Gone Too Long by Lori Roy
English | 2019 | Mystery/Thriller | ePUB | 1.3 Mb
Gone Too Long :Two-time Edgar Award–winning author Lori Roy entangles readers in a heart-pounding tale of two women battling for survival against a century’s worth of hate.
On the day a black truck rattles past her house and a Klan flyer lands in her front yard, ten-year-old Beth disappears from her Simmonsville, Georgia, home. Armed with skills honed while caring for an alcoholic mother, she must battle to survive the days and months ahead.
Seven years later, Imogene Coulter is burying her father—a Klan leader she has spent her life distancing herself from—and trying to escape the memories his funeral evokes. But Imogene is forced to confront secrets long held by Simmonsville and her own family when, while clearing out her father’s apparent hideout on the day of his funeral, she finds a child. Young and alive, in an abandoned basement, and behind a door that only locks from the outside.
As Imogene begins to uncover the truth of what happened to young Beth all those years ago, her father’s heir apparent to the Klan’s leadership threatens her and her family. Driven by a love that extends beyond the ties of blood, Imogene struggles to save a girl she never knew but will now be bound to forever, and to save herself and those dearest to her. Tightly coiled and chilling, Gone Too Long ensnares, twists, and exposes the high price we are willing to pay for the ones we love.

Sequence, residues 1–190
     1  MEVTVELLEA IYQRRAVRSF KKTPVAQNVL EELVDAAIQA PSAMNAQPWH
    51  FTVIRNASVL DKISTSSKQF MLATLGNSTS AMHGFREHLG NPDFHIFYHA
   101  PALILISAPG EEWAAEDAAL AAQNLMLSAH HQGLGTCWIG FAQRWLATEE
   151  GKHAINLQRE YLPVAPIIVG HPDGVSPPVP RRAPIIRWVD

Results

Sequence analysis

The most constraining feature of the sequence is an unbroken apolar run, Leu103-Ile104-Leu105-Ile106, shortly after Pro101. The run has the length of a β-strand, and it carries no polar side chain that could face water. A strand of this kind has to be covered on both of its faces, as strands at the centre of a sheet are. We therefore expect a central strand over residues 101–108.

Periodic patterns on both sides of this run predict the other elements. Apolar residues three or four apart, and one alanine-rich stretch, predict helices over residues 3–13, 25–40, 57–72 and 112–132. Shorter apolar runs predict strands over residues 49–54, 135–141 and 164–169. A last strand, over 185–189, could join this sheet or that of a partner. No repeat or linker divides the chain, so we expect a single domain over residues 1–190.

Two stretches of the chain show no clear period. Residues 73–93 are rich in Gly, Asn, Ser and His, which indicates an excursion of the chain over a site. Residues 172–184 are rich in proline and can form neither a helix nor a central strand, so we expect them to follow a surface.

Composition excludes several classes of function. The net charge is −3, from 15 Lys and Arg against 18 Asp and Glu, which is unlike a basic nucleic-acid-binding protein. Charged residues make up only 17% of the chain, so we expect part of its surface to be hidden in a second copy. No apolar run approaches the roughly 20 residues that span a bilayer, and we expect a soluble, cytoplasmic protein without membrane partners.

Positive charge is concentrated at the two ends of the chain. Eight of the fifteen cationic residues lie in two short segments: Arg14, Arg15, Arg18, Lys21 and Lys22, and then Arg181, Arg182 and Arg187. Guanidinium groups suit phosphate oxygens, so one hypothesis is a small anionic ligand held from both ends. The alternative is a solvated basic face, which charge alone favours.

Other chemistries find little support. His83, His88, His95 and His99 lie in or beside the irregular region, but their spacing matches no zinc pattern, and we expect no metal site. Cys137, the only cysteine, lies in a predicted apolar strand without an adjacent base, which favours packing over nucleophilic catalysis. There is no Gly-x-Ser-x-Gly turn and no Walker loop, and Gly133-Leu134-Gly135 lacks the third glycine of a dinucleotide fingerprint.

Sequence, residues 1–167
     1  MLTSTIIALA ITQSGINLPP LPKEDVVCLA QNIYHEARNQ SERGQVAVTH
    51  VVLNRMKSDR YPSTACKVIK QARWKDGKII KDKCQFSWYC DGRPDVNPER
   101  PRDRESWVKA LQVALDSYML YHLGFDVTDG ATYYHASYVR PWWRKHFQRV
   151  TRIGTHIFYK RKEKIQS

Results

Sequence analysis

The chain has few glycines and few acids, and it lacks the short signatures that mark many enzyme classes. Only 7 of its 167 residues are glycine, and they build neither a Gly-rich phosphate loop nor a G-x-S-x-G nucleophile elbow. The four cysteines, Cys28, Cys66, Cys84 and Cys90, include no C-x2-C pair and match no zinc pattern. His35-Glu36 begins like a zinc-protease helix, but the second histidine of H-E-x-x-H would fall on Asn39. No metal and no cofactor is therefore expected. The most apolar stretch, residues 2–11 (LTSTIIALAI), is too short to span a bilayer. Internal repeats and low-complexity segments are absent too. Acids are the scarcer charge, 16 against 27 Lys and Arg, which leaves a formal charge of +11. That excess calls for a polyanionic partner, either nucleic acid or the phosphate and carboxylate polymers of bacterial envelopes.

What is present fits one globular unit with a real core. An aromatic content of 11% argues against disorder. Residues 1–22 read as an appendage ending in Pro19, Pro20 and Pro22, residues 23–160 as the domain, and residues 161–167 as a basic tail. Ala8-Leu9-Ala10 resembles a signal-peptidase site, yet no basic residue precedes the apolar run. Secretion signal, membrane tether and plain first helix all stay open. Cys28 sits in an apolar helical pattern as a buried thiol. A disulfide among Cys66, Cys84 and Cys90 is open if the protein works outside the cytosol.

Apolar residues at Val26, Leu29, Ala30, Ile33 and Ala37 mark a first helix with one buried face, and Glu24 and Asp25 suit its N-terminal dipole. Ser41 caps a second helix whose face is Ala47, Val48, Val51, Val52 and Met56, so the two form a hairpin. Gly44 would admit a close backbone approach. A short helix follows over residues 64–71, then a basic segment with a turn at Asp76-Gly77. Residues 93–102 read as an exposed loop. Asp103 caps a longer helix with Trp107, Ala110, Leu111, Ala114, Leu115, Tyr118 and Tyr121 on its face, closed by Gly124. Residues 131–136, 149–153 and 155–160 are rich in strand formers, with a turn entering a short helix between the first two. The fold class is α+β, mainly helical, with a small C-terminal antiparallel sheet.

“We’re closing up at noon,” Tillie says, and hollers for Mrs. Tillie to come on out and say hello. “We both want to be there today for you and your mama too.”
Imogene stretches over Tillie’s worktable to give him a hug. Some days, coming here and seeing these two has gotten easier. Other days, walking through that door is as hard as walking through a brick wall. Today, hugging Tillie is like grabbing on to the one thing that’ll keep her afloat.
“Well, look who it is,” Mrs. Tillie says, walking out from the back room. She smiles at first, but as she gathers Imogene’s hands and explains she’s just leaving to get her hair done, her smile softens and droops. “You’re looking too thin. Are you taking care of yourself?” And then turning to Tillie, she says, “Doesn’t she look too thin?”
“Quit fussing at the child,” Tillie says, waving her out the door.
“I’m sure real sorry to be dashing off, sweetheart,” Mrs. Tillie says, ignoring Tillie and laying a warm hand on Imogene’s cheek. “I know today is going to test you.”
Mrs. Tillie doesn’t say anything about Edison Coulter being a good man, because it isn’t true, and also because his passing isn’t what Mrs. Tillie is sorry about.
Imogene tries to say something, but a smile is the best she can do. The hardest part about coming to the shop is looking down into Mrs. Tillie’s face—her round cheeks, which shine when she’s happy, her watery blue eyes, her tiny nose—because it’s like looking into Vaughn’s face. From the day he was born, Vaughn favored his grandma.”